“Travel is fatal to prejudice, bigotry, and narrow-mindedness, and many of our people need it sorely on these accounts.

Broad, wholesome, charitable views of men and things cannot be acquired by vegetating in one little corner of the earth all one's lifetime.”                  Mark Twain

Reply

NPIP 43-813

“Travel is fatal to prejudice, bigotry, and narrow-mindedness, and many of our people need it sorely on these accounts.

Broad, wholesome, charitable views of men and things cannot be acquired by vegetating in one little corner of the earth all one's lifetime.”                  Mark Twain

Reply
post #5 of 8
Thread Starter 
Quote:
Originally Posted by ChickenCanoe View Post

3 weeks ago, now or when they are the same size. 11 week olds have now established a pecking order and have an established flock. You could try it now but they may not take kindly to an outsider.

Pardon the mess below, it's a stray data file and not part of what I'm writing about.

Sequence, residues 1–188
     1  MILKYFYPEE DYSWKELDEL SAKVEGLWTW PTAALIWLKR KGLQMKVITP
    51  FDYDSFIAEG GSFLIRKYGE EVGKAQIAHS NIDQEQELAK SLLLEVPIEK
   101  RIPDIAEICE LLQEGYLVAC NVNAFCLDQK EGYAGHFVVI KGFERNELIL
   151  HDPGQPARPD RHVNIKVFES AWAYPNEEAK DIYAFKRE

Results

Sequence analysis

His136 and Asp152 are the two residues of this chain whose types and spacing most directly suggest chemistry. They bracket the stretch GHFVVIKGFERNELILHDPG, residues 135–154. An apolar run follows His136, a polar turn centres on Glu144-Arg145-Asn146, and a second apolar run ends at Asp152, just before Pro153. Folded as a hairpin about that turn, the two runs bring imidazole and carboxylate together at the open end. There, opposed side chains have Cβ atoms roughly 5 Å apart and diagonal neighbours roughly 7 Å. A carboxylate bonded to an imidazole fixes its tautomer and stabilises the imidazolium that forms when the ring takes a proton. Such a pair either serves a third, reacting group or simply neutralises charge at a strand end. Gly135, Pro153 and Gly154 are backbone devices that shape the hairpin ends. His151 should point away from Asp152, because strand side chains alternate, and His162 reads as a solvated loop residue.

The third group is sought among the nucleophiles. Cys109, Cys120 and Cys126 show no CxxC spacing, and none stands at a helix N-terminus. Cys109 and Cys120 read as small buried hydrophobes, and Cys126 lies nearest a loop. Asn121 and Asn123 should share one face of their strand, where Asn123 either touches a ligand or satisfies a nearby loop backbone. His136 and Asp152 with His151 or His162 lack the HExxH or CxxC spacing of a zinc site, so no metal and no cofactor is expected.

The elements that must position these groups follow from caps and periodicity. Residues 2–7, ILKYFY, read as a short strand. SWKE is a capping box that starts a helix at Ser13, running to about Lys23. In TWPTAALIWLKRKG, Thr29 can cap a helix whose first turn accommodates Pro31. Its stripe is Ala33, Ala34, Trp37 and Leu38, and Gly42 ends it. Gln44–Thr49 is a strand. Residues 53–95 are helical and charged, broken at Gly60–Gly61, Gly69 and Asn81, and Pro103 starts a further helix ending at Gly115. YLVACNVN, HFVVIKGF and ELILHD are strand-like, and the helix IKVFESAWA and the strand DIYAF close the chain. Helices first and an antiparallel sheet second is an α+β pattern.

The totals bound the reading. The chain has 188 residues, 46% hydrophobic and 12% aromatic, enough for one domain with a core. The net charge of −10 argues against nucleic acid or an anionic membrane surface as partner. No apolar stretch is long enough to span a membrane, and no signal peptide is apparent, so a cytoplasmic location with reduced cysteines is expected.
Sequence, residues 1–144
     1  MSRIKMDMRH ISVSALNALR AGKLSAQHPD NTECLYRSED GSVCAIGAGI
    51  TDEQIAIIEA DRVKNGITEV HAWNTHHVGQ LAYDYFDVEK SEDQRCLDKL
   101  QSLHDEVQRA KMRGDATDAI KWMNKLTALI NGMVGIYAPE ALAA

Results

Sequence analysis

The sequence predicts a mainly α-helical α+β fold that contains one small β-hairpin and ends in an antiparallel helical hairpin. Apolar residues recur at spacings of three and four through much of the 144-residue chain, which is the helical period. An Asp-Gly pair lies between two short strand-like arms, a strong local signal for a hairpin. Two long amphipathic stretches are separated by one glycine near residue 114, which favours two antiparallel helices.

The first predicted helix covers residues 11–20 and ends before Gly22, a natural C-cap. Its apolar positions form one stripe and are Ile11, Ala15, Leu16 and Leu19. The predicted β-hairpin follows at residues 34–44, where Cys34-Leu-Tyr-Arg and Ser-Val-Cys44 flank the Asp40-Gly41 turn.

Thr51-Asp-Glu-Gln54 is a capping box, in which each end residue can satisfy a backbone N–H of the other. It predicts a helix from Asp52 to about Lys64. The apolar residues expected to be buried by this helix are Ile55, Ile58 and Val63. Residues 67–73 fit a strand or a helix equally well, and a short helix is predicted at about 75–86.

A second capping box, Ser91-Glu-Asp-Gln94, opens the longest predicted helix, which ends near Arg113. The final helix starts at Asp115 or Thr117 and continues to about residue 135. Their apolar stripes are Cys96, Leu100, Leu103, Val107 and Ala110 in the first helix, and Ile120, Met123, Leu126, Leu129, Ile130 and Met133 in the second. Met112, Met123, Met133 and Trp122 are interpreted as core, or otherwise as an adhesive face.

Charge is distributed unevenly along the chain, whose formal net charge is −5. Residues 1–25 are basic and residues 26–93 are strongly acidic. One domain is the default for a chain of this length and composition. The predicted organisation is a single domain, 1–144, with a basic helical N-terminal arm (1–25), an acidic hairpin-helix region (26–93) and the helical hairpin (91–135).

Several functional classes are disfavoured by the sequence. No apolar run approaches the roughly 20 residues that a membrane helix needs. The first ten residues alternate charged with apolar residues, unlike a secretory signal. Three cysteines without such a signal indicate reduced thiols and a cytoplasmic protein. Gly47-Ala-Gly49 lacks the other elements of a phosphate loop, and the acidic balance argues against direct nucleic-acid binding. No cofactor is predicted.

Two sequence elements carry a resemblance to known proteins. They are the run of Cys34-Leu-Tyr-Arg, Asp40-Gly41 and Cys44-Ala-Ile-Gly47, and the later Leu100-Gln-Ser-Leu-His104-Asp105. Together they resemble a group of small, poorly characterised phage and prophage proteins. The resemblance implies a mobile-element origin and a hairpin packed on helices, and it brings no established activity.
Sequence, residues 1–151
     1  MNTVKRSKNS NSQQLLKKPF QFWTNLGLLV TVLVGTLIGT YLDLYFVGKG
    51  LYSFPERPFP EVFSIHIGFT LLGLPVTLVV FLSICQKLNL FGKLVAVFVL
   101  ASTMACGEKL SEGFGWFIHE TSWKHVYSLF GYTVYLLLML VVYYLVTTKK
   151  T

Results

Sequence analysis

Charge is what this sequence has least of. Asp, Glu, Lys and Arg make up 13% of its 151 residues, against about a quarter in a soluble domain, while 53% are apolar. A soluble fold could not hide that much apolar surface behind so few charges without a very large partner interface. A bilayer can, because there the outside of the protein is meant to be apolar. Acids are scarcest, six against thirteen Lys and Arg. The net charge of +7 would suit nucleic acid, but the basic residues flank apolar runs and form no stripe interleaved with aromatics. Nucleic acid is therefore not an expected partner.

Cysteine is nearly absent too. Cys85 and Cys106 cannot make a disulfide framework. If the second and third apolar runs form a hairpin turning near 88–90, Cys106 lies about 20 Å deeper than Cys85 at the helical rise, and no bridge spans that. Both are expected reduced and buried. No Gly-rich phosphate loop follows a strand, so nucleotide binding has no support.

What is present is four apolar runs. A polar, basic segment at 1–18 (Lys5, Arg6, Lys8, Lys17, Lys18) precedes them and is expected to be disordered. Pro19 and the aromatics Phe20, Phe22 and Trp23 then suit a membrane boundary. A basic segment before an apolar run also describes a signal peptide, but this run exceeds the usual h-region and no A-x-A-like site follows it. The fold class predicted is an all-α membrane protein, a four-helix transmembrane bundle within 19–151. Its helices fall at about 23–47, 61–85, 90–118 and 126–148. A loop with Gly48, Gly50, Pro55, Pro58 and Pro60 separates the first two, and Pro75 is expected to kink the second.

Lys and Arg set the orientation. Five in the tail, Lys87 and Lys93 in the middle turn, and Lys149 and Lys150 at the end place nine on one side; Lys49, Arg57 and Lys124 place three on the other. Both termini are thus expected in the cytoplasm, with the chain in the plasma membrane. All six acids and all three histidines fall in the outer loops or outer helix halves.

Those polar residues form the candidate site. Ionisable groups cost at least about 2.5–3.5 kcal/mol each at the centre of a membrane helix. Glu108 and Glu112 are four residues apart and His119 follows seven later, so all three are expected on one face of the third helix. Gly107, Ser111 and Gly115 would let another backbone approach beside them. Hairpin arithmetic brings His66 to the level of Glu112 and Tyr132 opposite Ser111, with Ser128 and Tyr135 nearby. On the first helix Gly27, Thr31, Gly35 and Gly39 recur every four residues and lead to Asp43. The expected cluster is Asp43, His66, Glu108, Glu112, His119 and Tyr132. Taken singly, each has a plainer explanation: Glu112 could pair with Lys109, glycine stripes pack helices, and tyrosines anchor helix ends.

So we ended up cutting a small opening in the wire so that the young chick can go out and interact with the bigger chickens if she wants, and go back in her space if they are mean. So far every time she goes out there they peck at her little face! They even drew a little blood! Should I cover the opening until she is bigger? Or just see what happens? I'm scared they will peck her to death hmm.png so far she runs to safety but she might not get so lucky all the time!
Edited by briannanoelle1 - 4/22/16 at 12:08pm
1 Husband, 3 Ameraucana's, 2 White Leghorns, 1 Rhode Island Red, 1 Farm Kitty, and 1 Dog
Reply
1 Husband, 3 Ameraucana's, 2 White Leghorns, 1 Rhode Island Red, 1 Farm Kitty, and 1 Dog
Reply
post #6 of 8

I'd give her another week or two to grow a bit more before letting her mix with the older chicks. Chickens instinctively pick on the youngest, smallest bird around. That's just how they are. There is quite a big size difference between 3 month old chicks and a one month old chick.

post #7 of 8